What is a mare basalt and what is its significance? The lunar mare basalts are very similar to terrestrial basalts. If you drove up to Sunset crater outside Flagstaff AZ, you can find basalt. If you go to Hawaii, Iceland, India, Ethiopoa and many other countries you can find basalt. The oceanic crust on the Earth is composed of basalt. If you visit Mars you will likely land on basalt or basalt derived sediments. If you land on Venus - same! The Dawn spacecraft is right now orbiting an asteroid, Vesta, that is composed of basalt. Basalt is common in the Solar System. The fascinating fact about basalts is that they represent a sample of the upper mantle. We can't get to the mantle directly, but nature provides us with samples of the deep interior (mantle) in the form of basalt. Volcanism is the delivery truck! Since the mantle makes up most of the mass of the Earth, Mars and the Moon we must have samples of the mantle to understand each body as a whole. You can think of 15555 as a piece of the Moon's interior, even though it was picked up on the surface.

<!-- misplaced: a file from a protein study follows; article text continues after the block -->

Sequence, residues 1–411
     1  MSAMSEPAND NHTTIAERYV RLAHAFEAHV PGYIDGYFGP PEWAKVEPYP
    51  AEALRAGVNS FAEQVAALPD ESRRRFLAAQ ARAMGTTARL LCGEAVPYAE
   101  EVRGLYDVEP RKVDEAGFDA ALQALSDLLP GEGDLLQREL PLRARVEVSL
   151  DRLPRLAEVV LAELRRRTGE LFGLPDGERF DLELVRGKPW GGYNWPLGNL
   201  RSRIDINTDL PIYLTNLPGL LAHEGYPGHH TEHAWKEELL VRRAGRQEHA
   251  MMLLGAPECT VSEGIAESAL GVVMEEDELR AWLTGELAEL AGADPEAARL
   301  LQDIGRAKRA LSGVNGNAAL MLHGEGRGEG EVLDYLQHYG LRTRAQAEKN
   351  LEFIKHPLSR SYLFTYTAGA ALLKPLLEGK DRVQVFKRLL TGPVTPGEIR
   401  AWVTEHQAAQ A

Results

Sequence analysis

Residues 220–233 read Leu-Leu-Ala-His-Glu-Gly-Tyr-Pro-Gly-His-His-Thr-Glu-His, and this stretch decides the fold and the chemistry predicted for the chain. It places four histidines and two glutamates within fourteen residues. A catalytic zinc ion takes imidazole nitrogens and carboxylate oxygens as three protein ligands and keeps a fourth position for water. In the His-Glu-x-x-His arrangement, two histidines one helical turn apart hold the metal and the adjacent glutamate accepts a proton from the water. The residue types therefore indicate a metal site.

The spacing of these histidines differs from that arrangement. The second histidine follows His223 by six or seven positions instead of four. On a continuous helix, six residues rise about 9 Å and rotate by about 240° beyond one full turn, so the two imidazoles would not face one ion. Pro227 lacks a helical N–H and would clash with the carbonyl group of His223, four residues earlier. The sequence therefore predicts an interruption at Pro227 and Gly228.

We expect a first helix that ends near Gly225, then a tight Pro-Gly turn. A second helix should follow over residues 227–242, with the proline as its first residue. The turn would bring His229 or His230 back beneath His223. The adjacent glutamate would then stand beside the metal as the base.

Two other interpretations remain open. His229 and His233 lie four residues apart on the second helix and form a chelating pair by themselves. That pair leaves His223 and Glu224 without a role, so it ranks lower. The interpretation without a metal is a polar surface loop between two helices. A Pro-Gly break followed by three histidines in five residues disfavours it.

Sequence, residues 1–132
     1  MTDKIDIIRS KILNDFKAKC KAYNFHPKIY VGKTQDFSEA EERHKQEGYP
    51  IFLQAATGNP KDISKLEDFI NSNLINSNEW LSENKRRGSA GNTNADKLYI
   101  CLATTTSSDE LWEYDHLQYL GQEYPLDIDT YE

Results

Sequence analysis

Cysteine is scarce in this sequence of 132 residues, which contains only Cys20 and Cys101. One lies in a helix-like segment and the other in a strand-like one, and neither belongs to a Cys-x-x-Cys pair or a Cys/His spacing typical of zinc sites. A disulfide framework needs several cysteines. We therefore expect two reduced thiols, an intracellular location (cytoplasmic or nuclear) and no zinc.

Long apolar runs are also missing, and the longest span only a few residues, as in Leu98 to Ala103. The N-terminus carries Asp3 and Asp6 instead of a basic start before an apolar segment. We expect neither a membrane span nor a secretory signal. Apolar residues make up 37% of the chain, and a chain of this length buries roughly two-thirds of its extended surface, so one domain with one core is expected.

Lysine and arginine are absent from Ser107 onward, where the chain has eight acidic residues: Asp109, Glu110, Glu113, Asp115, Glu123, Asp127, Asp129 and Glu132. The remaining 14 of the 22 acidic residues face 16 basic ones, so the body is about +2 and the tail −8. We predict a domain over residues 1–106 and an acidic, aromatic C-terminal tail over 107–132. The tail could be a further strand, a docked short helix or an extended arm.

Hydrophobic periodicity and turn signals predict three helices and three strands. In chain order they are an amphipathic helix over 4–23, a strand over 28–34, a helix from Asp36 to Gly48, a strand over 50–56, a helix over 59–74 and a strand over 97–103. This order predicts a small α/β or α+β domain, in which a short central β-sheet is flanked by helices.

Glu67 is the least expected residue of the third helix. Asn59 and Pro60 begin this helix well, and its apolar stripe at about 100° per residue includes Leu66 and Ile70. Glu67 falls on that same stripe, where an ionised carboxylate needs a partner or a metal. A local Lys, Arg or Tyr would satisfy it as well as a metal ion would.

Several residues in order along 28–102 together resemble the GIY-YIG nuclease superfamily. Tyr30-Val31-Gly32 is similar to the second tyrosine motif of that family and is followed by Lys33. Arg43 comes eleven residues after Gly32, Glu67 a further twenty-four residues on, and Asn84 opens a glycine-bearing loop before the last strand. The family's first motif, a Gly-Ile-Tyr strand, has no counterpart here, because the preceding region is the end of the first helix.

A generous loan to Arizona State University from the NASA Lyndon B. Johnson Space Center, this 76 gram (2.7 ounces) piece of mare basalt will be displayed in the Lunar Reconnaissance Orbiter Camera Science Operations Center Visitor Gallery. This stunning and unique lunar sample display will enable visitors to view and learn about an amazing piece of our Moon, while just a few meters away, behind a glass partition, the LROC team is sending commands to LROC and receiving images in return that enable scientists and engineers to plan for future human and robotic exploration of the Moon.
We heartily encourage anyone interested in space exploration to come view this priceless American treasure and learn how lunar scientists around the world are pioneering your future in space. The work we do at LROC is tremendously exciting, but ultimately, it is the human passion for discovery that drives this enterprise. We look forward to sharing our excitement and passion about the Moon and space exploration with all of you on November 5th and beyond!
Explore the complete NAC oblique image of the Hadley-Apennine valley!
Read more about the Apollo 15 landing site in previous LROC Team posts:
Layers Near Apollo 15 Landing Site (30 August 2011)
LROC's First Look at the Apollo Landing Sites (17 July 2009)
Lunar Highs and Lows (22 July 2008)
The Mighty Apennine Mountain Range (30 September 2008)
Hadley-Apennine: the Apollo 15 Landing Site (14 November 2007)